Filtering includes or excludes certain website extensions from ranking and display. If selected, all websites that conform to that specific website extension will be included in the presented results. Not selecting a specific website extension does not discard any conforming items from future consideration or manipulations or selections from that particular Results Set. There is nothing mutually exclusive about selecting a specific website extension, that would exclude simultaneous consideration of other specific website extensions. Prior art does not allow for selecting more than a single criterion at a time to add as a search constraint; selecting another search constraint necessitates performing another search. The prior art does not allow dynamic, interactive, re-searching a set of search results. Searchers would benefit from being able to manipulate results by including or excluding certain website extensions. These website extensions include, but are not limited to, the following:
Filtering includes or excludes certain file types from ranking and display. All websites that conform to that selected specific file types will be included in the presented results. Not selecting a specific file types does not discard any conforming items from future consideration or manipulations or selections from that particular Results Set. There is nothing mutually exclusive about selecting a specific file type, that would exclude simultaneous consideration of other specific file types. Prior art does not allow for selecting more than a single criterion at a time to add as a search constraint; selecting another search constraint necessitates performing another search. The prior art does not allow dynamic, interactive, re-searching a set of search results. Searchers would benefit from being able to manipulate results by including or excluding certain file types. These file types include, but are not limited to, the following:
.html, htm, asp, php., etc.
There is nothing mutually exclusive about selecting specific website extensions or file types, which would exclude simultaneous consideration of other website extensions, or file types. The set of website extensions filters and file types filters are collective referred to as Filtering Elements ("Filtering Elements").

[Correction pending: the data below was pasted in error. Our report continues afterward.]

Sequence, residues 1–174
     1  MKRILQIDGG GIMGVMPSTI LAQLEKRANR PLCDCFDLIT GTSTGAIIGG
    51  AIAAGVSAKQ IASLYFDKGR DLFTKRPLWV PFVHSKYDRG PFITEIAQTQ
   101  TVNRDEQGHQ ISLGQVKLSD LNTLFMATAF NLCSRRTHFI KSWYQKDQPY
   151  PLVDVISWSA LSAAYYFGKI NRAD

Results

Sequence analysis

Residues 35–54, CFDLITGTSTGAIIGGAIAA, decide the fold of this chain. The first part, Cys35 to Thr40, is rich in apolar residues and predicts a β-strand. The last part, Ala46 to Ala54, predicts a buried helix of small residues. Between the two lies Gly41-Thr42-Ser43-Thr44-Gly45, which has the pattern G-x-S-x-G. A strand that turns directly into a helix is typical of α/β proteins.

The searcher also controls the Relevance ranking of the present invention by means of his or her filtering of either the website extension search settings 211, or the file type search settings 211.
In addition, the utility of providing filter capabilities, the present invention also includes providing filtering information by providing frequency annotations for each filter. Filter frequency annotations ("Filter Frequency Annotations") is defined as making and displaying a frequency count of different filter elements for a Results Set. For example, if there were 508 members in the Results Set and 26 of them had PDF files references, then the number 26 would be displayed next to pdf. In similar fashion, a frequency count would be displayed for every Filtering Element.
Filter Frequency Annotations are also considered to be hyperlinks, so that the display of search results includes a hyperlink for every Filtering Element. For example, that there are 16 individual results with .xls files in his or her Results Set, that searcher could click on the number 16 next to xls and this would cause the results of all 16 individual results to be displayed. This resulting display would be in the same format as the display of the Results Set, an example of which is depicted in FIG. 6, except the previous Results Set would be replaced on the screen with as many of the 16 results that included .xls files. The searcher would be free to scroll or page down to review the remaining results.
The sorting activity of the Score, Sort and Show 212 module is now discussed.
The sorting activity of the Score, Sort and Show 212 module is designed to take the scored Results Set and order them according to the criterion of the percentage score, from highest percentage to lowest percentage.
The show or display activity of the Score, Sort and Show 212 module is now discussed.
The display activity of the Score, Sort and Show 212 module is a software module designed to take the formatted, scored, sorted Results Set and convert them to an acceptable display format, like HTML, for example, when communicating with Browser 102.
A substantial advantage of the method according to the present invention becomes evident at this point. First, the Score, Sort and Show 212 module already has a substantial number of items in the Results Set. These results are already sorted to the searchers requested search settings 211. The searcher may interactively view these results without going back to the Web Search Engine 106. In addition, the searcher may alter the search settings 211 and immediately review the new results without going back to the Web Search Engine 106.
In addition, the searcher also controls the Relevance ranking of the present invention by being able to additionally specify three additional conditions: i. Whether or not the rank results are to be confined to URLs that contain only homepage and sub-domains ii. Whether or not the keywords should be an exact match iii. Whether or not to constrain the results to websites hosted in specific geographical locations.